Penn State Employees Protest Wellness Mandate over Privacy Concerns

Employees of Pennsylvania State University are protesting a new wellness effort that requires them to provide detailed health information or pay penalties that can add up to $1,200 per year.

An online petition against the program that was initiated by Penn State art-history professor Brian Curran now has over 2,000 signatures.

The petition states:

Penn's State's new Health Care policies, which have been rolled out quietly in the middle of the summer, include an excessively invasive "Take Care of Your Health" plan that forces employees, by imposing a massive, $1200 a year surcharge, to submit to poorly and unprofessionally mass-organized blood tests and "biometric screenings." Included in this mandate is an additional mandate, requiring all employees and their spouses/SSDPs, to fill out an incredibly invasive "Wellness Profile" that, if taken, immediately shares ALL of the person's private medical information with WebMD, a third-party agency with a far from comforting record in the area of privacy.

The petition states that, soon after the initiative was launched, two new surcharges were announced:

One directed at employees who self-identify as smokers, the other to employees with spouses covered by the plan who are presently eligible for coverage by their own employer. Each and every one of these policies-raises serious questions related to patient privacy and medical ethics. But perhaps most importantly, their punitive character raises fundamental concerns regarding the relationship between Penn State as an employer and its employees, who might have expected better after enduring the challenges of the last two years. In light of these concerns, not to mention the almost complete lack of appropriate consultation with representative bodies across the university, we ask, indeed, we demand, that implementation be IMMEDIATELY stopped, or at the very least delayed, so that further consultation with the employees and their representatives can begin. 

The Wall Street Journal reports that employer wellness programs have become quite common. A survey conducted last fall by the National Business Group on Health and Fidelity Investments found that 86 percent of employers were linking incentives to health-related activities this year, an increase from 57 percent in 2009. Health-risk assessments, biometric screenings, and participation in smoking cessation programs are the most common activities.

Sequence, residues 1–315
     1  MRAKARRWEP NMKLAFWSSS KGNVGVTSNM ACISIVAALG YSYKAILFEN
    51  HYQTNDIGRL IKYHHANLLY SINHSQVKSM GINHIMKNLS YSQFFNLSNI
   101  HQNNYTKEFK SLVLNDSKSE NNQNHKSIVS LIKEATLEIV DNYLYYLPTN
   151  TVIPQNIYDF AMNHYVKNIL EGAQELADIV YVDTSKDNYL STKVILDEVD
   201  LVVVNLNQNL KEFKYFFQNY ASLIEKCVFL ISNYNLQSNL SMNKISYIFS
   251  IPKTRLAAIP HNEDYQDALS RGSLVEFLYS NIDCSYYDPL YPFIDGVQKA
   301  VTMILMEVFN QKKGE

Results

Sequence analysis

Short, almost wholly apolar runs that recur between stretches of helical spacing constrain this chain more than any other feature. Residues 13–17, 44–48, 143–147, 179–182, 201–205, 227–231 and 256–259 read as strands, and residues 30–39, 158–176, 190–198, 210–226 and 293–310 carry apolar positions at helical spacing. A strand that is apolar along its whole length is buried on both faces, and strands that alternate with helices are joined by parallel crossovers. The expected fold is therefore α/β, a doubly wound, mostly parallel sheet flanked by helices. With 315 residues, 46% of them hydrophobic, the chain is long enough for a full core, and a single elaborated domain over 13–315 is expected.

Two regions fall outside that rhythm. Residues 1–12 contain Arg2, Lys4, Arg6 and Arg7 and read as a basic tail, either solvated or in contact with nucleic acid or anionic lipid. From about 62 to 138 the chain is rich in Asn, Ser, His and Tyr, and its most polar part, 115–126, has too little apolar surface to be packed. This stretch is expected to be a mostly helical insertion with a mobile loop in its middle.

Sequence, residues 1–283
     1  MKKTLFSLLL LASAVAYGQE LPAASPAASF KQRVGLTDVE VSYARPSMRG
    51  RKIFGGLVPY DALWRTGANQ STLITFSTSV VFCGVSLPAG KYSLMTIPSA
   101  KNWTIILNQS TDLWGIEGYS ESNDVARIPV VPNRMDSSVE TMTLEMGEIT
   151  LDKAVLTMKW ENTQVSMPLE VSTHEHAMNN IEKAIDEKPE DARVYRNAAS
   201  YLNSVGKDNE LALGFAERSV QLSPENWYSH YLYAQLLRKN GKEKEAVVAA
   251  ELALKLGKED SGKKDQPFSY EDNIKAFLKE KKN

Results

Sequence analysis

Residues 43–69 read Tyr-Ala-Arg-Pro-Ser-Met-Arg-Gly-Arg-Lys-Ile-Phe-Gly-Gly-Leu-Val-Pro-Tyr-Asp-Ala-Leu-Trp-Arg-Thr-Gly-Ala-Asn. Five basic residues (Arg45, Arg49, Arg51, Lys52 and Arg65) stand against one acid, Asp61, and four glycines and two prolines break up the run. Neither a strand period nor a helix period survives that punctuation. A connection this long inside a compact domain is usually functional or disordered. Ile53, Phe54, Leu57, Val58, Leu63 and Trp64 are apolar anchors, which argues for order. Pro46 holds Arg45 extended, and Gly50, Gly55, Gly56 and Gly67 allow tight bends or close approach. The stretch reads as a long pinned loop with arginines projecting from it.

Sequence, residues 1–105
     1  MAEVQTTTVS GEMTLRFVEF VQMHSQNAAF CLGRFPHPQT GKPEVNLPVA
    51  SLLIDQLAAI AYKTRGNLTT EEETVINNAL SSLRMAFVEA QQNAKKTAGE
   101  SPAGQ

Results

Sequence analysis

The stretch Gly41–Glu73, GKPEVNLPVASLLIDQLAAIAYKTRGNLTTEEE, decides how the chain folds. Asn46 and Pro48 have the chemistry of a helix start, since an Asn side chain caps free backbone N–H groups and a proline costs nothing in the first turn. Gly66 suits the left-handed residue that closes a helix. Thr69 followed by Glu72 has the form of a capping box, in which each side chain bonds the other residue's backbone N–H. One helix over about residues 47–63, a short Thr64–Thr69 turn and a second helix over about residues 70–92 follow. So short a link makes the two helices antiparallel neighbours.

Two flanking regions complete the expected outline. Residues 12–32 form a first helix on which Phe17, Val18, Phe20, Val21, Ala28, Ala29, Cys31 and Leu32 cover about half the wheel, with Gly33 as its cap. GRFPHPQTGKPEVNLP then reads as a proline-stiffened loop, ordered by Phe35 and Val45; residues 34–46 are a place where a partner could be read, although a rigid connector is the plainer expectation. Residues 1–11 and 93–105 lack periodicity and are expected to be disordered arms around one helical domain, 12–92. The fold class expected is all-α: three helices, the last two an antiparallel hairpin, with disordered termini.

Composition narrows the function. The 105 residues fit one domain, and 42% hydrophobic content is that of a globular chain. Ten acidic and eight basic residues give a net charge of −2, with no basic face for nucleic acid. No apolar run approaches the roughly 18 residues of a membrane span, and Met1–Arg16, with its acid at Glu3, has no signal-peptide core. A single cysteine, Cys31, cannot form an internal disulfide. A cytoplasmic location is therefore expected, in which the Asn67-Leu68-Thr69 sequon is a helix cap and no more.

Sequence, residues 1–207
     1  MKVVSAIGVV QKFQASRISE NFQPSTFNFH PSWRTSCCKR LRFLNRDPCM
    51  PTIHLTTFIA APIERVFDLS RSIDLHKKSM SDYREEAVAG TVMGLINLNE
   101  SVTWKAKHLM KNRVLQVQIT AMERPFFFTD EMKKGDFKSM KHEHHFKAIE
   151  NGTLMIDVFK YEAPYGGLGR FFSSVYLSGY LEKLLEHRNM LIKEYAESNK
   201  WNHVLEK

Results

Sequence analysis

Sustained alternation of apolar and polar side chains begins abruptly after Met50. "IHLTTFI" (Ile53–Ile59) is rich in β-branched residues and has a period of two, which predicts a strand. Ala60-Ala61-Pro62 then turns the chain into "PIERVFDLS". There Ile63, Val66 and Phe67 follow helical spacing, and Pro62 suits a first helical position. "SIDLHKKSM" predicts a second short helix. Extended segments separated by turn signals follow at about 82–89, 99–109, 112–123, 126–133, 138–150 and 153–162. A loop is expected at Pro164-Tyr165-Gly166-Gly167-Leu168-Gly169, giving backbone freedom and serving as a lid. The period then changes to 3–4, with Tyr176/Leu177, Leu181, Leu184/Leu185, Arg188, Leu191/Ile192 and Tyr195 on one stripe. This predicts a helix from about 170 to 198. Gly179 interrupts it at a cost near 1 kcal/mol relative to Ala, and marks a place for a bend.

The WSJ report adds that Penn State’s program will charge its employees $100 per month, beginning in January, if they and their covered spouses do not complete the health questionnaire and certify that they will have a physical examination. Employees must also obtain biometric screenings, including blood-sugar and cholesterol tests, and body-mass index measurements in order to avoid the penalties.

A university spokeswoman said Penn State was “addressing cost concerns on multiple fronts, and the change is to empower employees to be more informed about their health status and health risks.”

The spokeswoman said that the university would only have access to aggregated, de-identified data, complying with federal health-privacy law.

However, Matthew Woessner, an associate professor of political science at Penn State, said he was concerned that the contractor the university employed might not be able to adequately protect the data.

According to the WSJ, Penn State’s president, Rodney Erickson, said the mandated program was aimed at reducing costs so that the university could keep the price of tuition down. Healthcare costs at the university are expected to increase 13 percent in 2013-14 from the prior year.

The petition also calls for the end of a plan to charge workers a $100 monthly fee to provide coverage to spouses if the latter are eligible for health insurance through their own employers, and for a $75 per month penalty on smokers.

ObamaCare has increased the size of incentives that employers can link to employees’ health data, but there is no federal cap on penalties tied to other related activities such as completing health questionnaires. From the WSJ:

The Penn State penalties are at the high end, according to polls of employers. A 2012 Mercer survey found that at large employers, the median maximum annual incentive—which could be a reward or a penalty—for filling out a health-risk assessment was $150. However, a handful of employers go much further, according to the National Business Group on Health survey—they yank workers' coverage altogether if they don't complete wellness requirements.

The Mercer survey also found that among large employers offering wellness programs, 42% used a financial reward as an incentive, and 15% had a financial penalty. Penn State has said that to structure its program as a reward rather than a penalty, it would have had to inflate employees' premium charges and then offer a discount to workers, an approach it said was wasn't "fiscally responsible."

In addition to the “incredibly invasive character” of the Penn State health questionnaire, Curran also questioned the cost-effectiveness of employer wellness programs in general:

In a study commissioned by the federal government, Rand Corp. researchers said their analysis suggested that participating in a wellness program over five years was "associated with a trend toward lower health care costs and decreasing health care use," but the effect wasn't big enough overall to be statistically significant. The study also said some published research has shown cost decreases, but other evaluations haven't.

Critics argue that the programs often cost more to implement than they can save. "The numbers don't add up," said Al Lewis, president of Disease Management Purchasing Consortium International, a group that includes employers and health insurers.


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